The Memoirs of Ethel Smyth   (Crichton, Ed.)   0-670-80655-2
Item# B1744
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The Memoirs of Ethel Smyth   (Crichton, Ed.)   0-670-80655-2
B1744. Ethel Smyth. The Memoirs of Ethel Smyth (abridged by Ronald Crichton). New York, Viking, 1987. 393pp. Index; Bibliography; List of Smyth’s works; DJ, in mylar. Excellent, ex-lib copy. - 0-670-80655-2 9780670806553

CRITIC REVIEWS:

“Dame Ethel Smyth (1858-1944) was a lively inhabitant of varied worlds, which she recreated in nine autobiographical volumes. In this abridgement of her memoirs by the former music critic of London's Finacial Times, we see her as an accomplished musician (composer of six operas), active in the suffragette movement with Emmeline Pankhurst, and as a woman capable of passionate attachment to other, often older, women. Smyth was accepted among the coteries of Brahms, Schumann and Mendelssohn and was an intimate of such luminaries as ex-Empress Eugenie of France and Queen Victoria, all captured in elegant, often amusing, vignettes. A long and eventful life is recorded here by an artist prominent in the revival of interest in British music of the earlier part of this century.”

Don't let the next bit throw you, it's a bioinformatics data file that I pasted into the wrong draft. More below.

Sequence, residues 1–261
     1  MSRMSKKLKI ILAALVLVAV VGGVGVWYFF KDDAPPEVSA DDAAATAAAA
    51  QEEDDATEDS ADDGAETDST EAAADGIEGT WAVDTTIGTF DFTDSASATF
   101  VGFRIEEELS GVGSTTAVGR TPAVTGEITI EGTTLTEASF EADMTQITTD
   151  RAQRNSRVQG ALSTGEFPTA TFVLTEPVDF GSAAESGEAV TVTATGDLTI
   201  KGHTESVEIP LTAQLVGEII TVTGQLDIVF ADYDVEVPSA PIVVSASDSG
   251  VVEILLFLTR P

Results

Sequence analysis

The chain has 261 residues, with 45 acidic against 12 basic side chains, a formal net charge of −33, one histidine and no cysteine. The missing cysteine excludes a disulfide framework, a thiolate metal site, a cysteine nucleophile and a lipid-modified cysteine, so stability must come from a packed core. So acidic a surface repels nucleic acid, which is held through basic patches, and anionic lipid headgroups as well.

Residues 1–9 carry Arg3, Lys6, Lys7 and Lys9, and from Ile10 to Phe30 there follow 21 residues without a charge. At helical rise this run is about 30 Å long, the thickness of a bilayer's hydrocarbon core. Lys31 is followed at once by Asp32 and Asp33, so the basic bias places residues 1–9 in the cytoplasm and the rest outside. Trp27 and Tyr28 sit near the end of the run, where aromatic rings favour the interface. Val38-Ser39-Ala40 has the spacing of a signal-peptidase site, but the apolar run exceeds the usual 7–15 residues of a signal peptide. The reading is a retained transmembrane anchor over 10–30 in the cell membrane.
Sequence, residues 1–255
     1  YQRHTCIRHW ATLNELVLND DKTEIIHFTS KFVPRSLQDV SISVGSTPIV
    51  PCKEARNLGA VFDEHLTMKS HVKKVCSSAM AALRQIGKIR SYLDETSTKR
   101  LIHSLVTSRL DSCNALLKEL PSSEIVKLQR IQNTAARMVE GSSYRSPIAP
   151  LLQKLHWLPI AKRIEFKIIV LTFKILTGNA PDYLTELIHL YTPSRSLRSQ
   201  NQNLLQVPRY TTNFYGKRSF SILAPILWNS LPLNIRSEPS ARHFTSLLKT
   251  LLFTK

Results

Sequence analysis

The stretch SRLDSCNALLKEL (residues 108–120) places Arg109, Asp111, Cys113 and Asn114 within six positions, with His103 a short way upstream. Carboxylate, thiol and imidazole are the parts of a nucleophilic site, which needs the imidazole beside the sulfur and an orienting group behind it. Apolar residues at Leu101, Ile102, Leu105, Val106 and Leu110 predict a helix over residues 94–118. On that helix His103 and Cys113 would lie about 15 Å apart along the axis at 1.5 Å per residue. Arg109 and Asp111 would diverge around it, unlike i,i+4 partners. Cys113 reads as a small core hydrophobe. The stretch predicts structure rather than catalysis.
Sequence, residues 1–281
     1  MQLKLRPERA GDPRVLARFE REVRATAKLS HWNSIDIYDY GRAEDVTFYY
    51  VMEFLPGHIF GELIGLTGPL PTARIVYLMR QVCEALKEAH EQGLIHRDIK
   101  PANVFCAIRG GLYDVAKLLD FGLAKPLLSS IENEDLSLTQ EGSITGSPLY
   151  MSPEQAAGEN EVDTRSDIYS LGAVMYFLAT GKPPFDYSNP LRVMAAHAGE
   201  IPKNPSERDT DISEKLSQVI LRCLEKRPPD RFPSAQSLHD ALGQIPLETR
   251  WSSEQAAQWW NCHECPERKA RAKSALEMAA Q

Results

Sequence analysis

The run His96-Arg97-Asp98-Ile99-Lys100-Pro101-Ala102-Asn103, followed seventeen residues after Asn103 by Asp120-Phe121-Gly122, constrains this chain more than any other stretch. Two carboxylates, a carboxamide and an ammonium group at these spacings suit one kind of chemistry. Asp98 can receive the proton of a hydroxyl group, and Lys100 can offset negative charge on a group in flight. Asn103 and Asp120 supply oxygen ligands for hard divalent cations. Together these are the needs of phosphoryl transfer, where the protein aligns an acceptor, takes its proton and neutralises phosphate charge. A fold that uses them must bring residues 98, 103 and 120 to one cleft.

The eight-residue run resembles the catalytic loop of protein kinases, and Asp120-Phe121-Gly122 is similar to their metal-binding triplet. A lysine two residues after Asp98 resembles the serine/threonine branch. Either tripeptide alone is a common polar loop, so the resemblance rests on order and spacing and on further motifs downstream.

“Dame Ethel Smyth (1858-1944) was an exceptional woman in an age rich in strong personalities. Best known for her opera THE WRECKERS, her music, long neglected, is gradually winning new friends. A feminist, intrepid traveller and sportswoman, she wrote nine volumes of autobiography, vividly recounting a life packed with incident. Aged nineteen, in the face of fierce opposition from her father, she went to Germany to study and 'plunged joyfully into the dear old sea of German music which surged about the feet of Brahms', befriending Schumann's widow, Clara, and the composer Heinrich von Herzogenberg and his wife, Lisl, the first of many women to whom Ethel was passionately attached. Her writings, abridged by Ronald Crichton [above], and including a catalogue of her music, are full of brilliant portraits - Brahms, Mahler, Beecham, Emmeline Pankhurst and Queen Victoria - all described in uncompromising detail. Numerous anecdotes range from hurling a brick through a cabinet minister's window, resulting in two months in Holloway prison - where she was observed, leaning through the bars, conducting her March of the Women with a toothbrush - to an Egyptian visit where she sought out a hermaphrodite in order to make an anatomical examination.”